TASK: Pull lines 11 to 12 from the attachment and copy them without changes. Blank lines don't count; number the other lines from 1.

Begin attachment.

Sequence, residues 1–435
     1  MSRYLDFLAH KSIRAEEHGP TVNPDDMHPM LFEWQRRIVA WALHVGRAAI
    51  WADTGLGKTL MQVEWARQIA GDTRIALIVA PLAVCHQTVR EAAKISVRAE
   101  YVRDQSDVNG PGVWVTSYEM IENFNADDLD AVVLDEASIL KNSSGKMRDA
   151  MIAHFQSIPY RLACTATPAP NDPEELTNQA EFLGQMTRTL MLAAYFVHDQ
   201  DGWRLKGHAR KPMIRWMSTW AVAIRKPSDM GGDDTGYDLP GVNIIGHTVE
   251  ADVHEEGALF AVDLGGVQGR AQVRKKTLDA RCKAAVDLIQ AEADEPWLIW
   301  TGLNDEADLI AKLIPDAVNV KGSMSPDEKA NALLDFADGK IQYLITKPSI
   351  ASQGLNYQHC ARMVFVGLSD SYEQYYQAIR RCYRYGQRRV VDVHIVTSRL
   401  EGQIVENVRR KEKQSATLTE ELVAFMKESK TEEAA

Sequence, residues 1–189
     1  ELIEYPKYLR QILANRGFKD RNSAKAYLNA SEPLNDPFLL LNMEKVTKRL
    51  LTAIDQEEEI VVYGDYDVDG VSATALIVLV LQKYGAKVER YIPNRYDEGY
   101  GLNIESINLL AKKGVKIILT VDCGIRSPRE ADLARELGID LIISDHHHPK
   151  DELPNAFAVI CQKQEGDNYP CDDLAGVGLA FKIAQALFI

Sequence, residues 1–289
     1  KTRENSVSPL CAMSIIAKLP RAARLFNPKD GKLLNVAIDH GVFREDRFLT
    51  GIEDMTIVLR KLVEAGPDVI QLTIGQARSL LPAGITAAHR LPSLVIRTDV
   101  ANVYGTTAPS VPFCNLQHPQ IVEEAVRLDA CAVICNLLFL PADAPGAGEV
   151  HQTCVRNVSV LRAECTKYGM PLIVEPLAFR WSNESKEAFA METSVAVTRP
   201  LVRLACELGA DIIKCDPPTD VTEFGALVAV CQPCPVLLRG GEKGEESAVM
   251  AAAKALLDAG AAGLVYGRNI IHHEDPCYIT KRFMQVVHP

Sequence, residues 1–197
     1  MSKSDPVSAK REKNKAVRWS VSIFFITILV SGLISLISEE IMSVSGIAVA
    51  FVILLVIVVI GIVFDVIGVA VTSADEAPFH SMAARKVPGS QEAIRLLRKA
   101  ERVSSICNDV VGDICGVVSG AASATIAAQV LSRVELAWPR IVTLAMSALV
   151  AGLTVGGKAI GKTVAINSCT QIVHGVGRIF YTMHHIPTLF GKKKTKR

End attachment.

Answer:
Sequence, residues 1–189
     1  ELIEYPKYLR QILANRGFKD RNSAKAYLNA SEPLNDPFLL LNMEKVTKRL